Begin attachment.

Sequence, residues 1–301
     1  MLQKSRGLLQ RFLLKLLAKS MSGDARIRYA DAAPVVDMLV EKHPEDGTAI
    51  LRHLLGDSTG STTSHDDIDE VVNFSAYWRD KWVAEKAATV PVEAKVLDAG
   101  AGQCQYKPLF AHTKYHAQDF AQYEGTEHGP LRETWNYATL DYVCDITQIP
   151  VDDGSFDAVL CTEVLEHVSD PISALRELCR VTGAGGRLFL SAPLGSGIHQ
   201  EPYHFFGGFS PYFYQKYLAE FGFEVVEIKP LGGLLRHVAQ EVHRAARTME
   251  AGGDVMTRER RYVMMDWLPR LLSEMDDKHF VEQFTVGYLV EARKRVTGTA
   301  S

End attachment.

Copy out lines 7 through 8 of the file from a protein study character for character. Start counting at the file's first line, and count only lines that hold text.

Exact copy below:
   251  AGGDVMTRER RYVMMDWLPR LLSEMDDKHF VEQFTVGYLV EARKRVTGTA
   301  S